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Optometry graduate crowdfunds research


Daisy Shu


By Philip Ritchie


Daisy Shu has used the crowdfunding platform Experiment to secure more than $2000 for research identifying how cataracts form and discovering a way to prevent them from occurring.

She’s a third-year PhD student from the Lens Research Laboratory at the University of Sydney and holds a Bachelor of Optometry and Vision Science from the University of New South Wales.

‘Everyone is really supportive of my research, so I was really touched by it. Lots of academics, friends and even just people in the general public were funding me. It validated the work I’ve been doing,’ Daisy said.

‘It’s a really good way of not only promoting research but also getting the funds, especially given the current climate of government grant funding.’

Daisy’s crowdfunded research builds on her previous laboratory work that showed normal cells turning into cataractous cells after the introduction of transforming growth factor beta.

Now, she plans to discover the role of epidermal growth factor receptors in the formation of cataracts, which have been shown in some cancer studies to activate in the presence of the transforming growth factor beta. Blocking these epidermal receptors could prevent cataracts from forming.

‘By understanding the mechanisms underlying the formation of cataract, we can potentially find a safe, effective and non-invasive way of blocking cataract through the use of an eye-drop,’ Daisy said on her crowdfunding page.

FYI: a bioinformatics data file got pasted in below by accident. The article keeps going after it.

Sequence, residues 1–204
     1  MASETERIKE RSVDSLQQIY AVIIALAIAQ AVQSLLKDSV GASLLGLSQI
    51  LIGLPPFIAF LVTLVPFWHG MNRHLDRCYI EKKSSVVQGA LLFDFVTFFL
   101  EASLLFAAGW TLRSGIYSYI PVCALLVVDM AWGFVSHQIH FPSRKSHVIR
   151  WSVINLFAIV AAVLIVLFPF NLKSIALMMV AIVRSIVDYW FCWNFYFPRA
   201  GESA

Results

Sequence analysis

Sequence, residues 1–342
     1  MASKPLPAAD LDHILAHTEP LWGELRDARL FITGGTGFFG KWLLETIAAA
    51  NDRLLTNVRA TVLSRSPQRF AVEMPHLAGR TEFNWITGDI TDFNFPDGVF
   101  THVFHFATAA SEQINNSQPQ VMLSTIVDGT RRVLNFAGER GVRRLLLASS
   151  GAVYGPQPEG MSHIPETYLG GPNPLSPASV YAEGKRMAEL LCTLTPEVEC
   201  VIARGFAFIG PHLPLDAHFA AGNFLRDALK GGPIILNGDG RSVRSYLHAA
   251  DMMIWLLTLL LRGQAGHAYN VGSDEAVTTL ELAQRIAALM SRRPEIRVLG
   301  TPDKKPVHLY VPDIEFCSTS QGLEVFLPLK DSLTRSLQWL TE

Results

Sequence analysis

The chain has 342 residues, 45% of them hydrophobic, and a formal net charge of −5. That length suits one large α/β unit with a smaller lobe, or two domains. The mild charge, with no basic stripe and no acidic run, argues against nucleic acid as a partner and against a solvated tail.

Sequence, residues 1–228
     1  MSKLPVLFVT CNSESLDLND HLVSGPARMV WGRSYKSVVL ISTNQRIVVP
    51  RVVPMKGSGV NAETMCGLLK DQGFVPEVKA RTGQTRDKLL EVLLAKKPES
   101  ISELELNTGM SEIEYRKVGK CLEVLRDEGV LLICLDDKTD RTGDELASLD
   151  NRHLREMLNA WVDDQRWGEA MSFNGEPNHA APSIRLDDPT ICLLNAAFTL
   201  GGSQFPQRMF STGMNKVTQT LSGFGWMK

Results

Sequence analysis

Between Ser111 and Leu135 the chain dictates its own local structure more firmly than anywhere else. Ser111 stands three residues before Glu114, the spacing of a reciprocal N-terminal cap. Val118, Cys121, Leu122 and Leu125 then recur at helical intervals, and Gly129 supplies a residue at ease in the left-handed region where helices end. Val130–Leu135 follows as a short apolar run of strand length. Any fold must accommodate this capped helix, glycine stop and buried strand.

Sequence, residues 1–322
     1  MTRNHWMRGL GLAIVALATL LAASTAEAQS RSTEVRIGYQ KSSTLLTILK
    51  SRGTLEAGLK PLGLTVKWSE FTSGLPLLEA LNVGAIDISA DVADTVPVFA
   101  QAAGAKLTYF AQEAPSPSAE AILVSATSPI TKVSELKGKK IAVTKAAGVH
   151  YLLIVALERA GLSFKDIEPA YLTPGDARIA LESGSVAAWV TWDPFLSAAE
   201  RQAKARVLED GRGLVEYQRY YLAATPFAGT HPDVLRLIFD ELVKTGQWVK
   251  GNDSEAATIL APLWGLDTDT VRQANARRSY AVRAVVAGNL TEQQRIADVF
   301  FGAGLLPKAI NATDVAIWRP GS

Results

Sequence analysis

Funds from Experiment will go towards gene expression analysis, blotting reagents, immunofluorescence, tissue culture consumables and laboratory consumables.

Daisy said she came up with the idea to crowdfund her research while at a Science Communication Training Fellowship event for the Association for Research in Vision and Ophthalmology. At the time, she was also working on a podcast called The Peer Review, created with members of the Bosch Young Investigators from Sydney University. It’s a committee with members from each discipline in the School of Medical Science.

‘I signed up to the fellowship this year, and as part of that we have to do an outreach program. The outreach program could be anything, so I decided to link these two things that I’m doing. I decided to do a podcast on funding.’

At first, crowdfunding was a small part of the podcast, but Daisy said her fellowship co-ordinator wanted a more non-scientific funding focus.

‘Bosch Young Investigators ended up doing an entirely separate podcast on crowdfunding, and I contacted a couple of research programs that successfully crowdfunded projects. I asked them for their tips and tried putting it to the test.

‘That’s when I put up the crowdfunding campaign, and it was amazing because I reached my goal within a short time. Everyone’s so generous,’ she said.

Daisy plans to do a follow-up podcast talking about her experience and tips to update her backers on her progress, which is part of the deal with Experiment’s crowdfunding platform.

Daisy’s has important tips for anyone looking to try crowdfunding: include a short, engaging video, around two to three minutes long, and promote as much as you can.

‘Contact everybody and anybody and don’t be shy about it. Really just communicate it, and if you haven’t reached your goal, continue to promote it because some people forget to follow through.’

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